A slightly breathless Dr JS Rajkumar zips into the room with an energy that belies his sixty years. When asked if he wanted a moment to catch his breath (he had been on hospital rounds), he declines, and instantly, launches into a dialogue peppered with concerns about the status of democracy, book recommendations, and Bharathiyar couplets.
"Oh, I love literature, rock music, drama, teaching, painting…," Dr JSR rattles off, while also revealing a list of social initiatives that he has squeezed into his schedule. It’s impossible to not feel super-enthused as one listens to the chief surgeon and founder-chairman, Lifeline Group of Hospitals.
His many passions notwithstanding, DR JSR is one of the few surgeons in the country skilled in a wide range of specialisations, including laparoscopic (key-hole), robot-assisted, bariatric, diabetic, and metabolic surgeries.
The healthcare entrepreneur routinely juggles between his practice in Dubai (where he and his wife Dr Chitrakala Rajkumar did 12-hour shifts at the onset of COVID-19), and at Kilpauk, where CE caught up with the indefatigable man.
Decades of surgical practice, hospital administration, books, blogs, lectures, social initiatives… What keeps you going?
I’d like to borrow the title of Irving Stone’s book on Van Gogh - 'Lust for Life' to answer that! I belong to a romantic generation of medical professionals; we throw ourselves into our jobs of saving lives. Also, I have always had 25-30 interests besides my work. It's just how I am wired.
Share with us some memorable surgeries from your career.
There are oh-so-many! I even have an upcoming book that compiles my experiences at the surgery table ('Behind The Bloody Mask'). Do you know I performed the first Google Glass-assisted surgery in India, in 2013? I live-streamed the surgery to students nearby; it was a great teaching tool.
One of my special surgeries is a Wertheim hysterectomy which involved the removal of the uterus and lymph nodes. The patient was up and about in two days! I also remember a patient who had a cyst in the heart.
Heart surgeons had scrubbed in, ready for open surgery, but we were able to do the job with a bloodless thoracoscopic procedure instead.
Can you share a few words of wisdom that you have passed on to your son?
When you have to don two hats all the time, there can be a clash. Doctors tend to use the lens of compassion which is patient-friendly but as an administrator, there should be a focus on the system, too. Until recently, most people went to doctors who commanded a certain presence in the field. Today, they’re going to recommended hospitals, not individuals.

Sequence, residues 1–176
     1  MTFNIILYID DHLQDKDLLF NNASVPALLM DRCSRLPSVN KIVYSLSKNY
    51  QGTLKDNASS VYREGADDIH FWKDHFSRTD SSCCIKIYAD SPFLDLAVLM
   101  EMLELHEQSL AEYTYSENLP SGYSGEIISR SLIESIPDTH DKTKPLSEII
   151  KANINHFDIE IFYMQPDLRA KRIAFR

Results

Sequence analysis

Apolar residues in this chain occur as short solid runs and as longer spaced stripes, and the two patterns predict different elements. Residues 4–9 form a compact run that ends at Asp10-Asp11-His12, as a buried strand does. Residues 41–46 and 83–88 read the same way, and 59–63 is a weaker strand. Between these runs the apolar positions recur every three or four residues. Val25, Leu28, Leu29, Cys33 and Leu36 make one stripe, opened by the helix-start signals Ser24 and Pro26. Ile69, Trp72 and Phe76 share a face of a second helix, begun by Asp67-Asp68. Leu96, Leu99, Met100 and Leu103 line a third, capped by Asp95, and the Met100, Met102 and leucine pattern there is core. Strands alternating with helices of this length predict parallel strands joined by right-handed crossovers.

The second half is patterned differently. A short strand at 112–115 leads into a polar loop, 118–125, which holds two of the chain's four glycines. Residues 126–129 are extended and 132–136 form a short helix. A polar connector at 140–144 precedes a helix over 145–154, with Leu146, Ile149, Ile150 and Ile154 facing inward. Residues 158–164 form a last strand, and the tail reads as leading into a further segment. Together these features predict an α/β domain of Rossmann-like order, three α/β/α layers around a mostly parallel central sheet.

So, it is vital for all hospitals to have an efficient process in place. To accommodate this paradigm shift, which prioritises patient safety and expert practices, you need to keep running a set of processes until you achieve perfection. This is what I tell my son Dr Anirudh Rajkumar, a robotic surgeon, and joint managing director at Lifeline.
How do you maintain a work-life balance?
My idea of 'unwinding' means doing some activity vigorously. I can't just close my eyes and relax as one would do at a spa. That is uncomfortable for me. I keep doing something on my iPad even if the television is on, or I'll hyperfocus on painting. Now, that is relaxing for me.
I wouldn't recommend it though. I used to work all seven days a week, and I was going mad. Doctors who work full-time in the Middle East tell me they have weekends off for family and themselves. Our country doesn’t allow our doctors to have a work-life balance.
People call us on Sunday evenings, too. Do you do that with a DGP? Doctors have families, we need rest, too. The next generation, like my son, has learnt to have an actual balance.
Any words of advice for millennial doctors?
Do not be demoralised by the attitudes towards doctors in the country, especially by fellow doctors in the fraternity. The number of suicides of young doctors and aspirants here distresses me… This is how disillusionment sets in among the young.
You want to serve as a doctor in a village? Work in the US, send cheques back to the village instead. There are so many ways to serve. Hold onto your idealism. And for that, have multiple streams of revenue. To stand apart, arm yourself with as much knowledge as possible.
Don't be isolated and concentrate only on your practice. Participate in collectives. I'm part of the Indian Medical Association and a host of other bodies; these interactions are worth your time. Be a part of the larger whole.
To reiterate, the excitement and adrenaline keep us going to an extent, but one day, when burnout hits, you'll wonder if it is worthwhile? I have had bypasses, so, there is a toll. People will thank you for saving the lives of their kin but it is your wife and kids who will be there with you. Make sure you take breaks, and spend time with family.
Tell us about your ongoing passion projects
I'm currently doing a series of live educational talks on the constitution and facets of Indian history in colleges across the state. My upcoming health super app, Healia, is my passion.
It is an AI platform that records data from patients using health monitoring devices connected to it. It will work like a preventative tool to help assess who is at risk of a stroke (before the actual stroke can happen). I'm also going to shoot for Udhayanidhi Stalin's Angel. I’m playing a doctor in it!